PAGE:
Google may own Motorola, but when it comes to making and selling phones, the Android smartphone manufacturer says they're on their own.
"We're operating as an independent OEM, so there's a firewall between us and the Android team," Motorola Senior Vice President of Product Management Rick Osterloh told CNET, explaining the sometimes-distant relationship between Motorola and its owner.
"It's very important to the company (Google) that Android remain an open playing field."
One might think that with Motorola in the brand umbrella, a Droid phone would be a shoo-in for Google's next flagship Nexus phone, the first handset to demonstrate a "pure" Android experience for a major operating system update.
Motorola would certainly love to issue a Droid Nexus phone or similar, but Osterloh says that his company has to go through the pitching process along with all its usual rivals.
"We will absolutely be one of the people considered the next time Google delivers its Nexus phone...but we're not going to receive special treatment," Osterloh said.
On the other hand, when asked about the Motoblur interface that rides on top of Android, Osterloh indicated a closer alignment with Google's Android vision down the road. "You'll see us get closer and closer to [stock] Android over time," he said.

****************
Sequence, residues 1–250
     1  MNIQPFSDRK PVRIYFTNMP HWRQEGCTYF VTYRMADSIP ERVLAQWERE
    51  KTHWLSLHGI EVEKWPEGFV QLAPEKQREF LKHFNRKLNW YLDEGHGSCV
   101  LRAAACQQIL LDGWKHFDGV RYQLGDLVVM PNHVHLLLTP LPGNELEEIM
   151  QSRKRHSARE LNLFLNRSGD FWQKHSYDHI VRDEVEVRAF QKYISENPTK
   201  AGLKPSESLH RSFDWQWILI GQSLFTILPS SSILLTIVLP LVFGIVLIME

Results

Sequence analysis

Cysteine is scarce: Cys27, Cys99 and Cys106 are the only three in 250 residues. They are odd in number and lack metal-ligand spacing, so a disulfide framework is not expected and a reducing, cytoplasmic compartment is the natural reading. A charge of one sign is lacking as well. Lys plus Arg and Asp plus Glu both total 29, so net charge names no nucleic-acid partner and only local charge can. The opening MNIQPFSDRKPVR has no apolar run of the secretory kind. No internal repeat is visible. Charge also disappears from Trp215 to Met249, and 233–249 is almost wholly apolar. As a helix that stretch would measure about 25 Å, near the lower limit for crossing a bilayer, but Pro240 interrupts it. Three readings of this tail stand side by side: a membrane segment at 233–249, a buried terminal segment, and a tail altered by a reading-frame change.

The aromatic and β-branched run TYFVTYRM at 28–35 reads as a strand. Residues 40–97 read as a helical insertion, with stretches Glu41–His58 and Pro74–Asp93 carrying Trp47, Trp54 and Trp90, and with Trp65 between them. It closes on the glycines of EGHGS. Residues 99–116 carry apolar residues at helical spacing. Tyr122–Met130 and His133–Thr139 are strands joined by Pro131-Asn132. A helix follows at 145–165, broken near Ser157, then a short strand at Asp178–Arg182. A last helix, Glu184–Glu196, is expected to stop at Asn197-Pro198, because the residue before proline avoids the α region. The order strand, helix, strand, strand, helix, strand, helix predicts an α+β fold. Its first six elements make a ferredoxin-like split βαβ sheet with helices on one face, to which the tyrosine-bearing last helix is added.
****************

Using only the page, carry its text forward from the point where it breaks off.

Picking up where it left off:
Focus, focus, focus
In the meantime, Motorola is sticking by a plan outlined in early September when it introduced a trio of new Motorola Droid Razr phones for Verizon -- mainly, releasing a fewer number of premium smartphones throughout the year.
In addition to creating handsets with eye-catching designs like the edgy Razr family, Motorola says it's pouring tremendous engineering effort into battery performance and power management so that phones like its now-legendary Droid Razr Maxx line blow past the competition on a single charge. (Read more: Smartphone battery life: 2 problems, 4 fixes.)
Morotola's physical design has also earned time under the microscope. The flashy Kevlar backing has practical application beyond even its water-resistant and scratch-deflecting properties.
According to Osterloh, Kevlar can stretch thin, providing a strong housing that doesn't bulk up the phone's thickness. In addition, Osterloh points to Kevlar's RF (radio frequency) permeability, or capability to easily transmit radio signal.
Poor camera quality compared with competing smartphones is one area of weakness that's plagued Motorola smartphones for some time, and is indeed a common CNET complaint that cropped up as recently as our Motorola Droid Razr M experience. "It's something that we're focused on," Osterloh acknowledged.
Motorola isn't sharing sales figures right now, nor a phone release road map. The only surety is Motorola's stated attempt to shore up weakness and turn out premium phones, not all of them at premium prices.
"Under Google," said Osterloh cryptically, "it's going to certainly be a different future."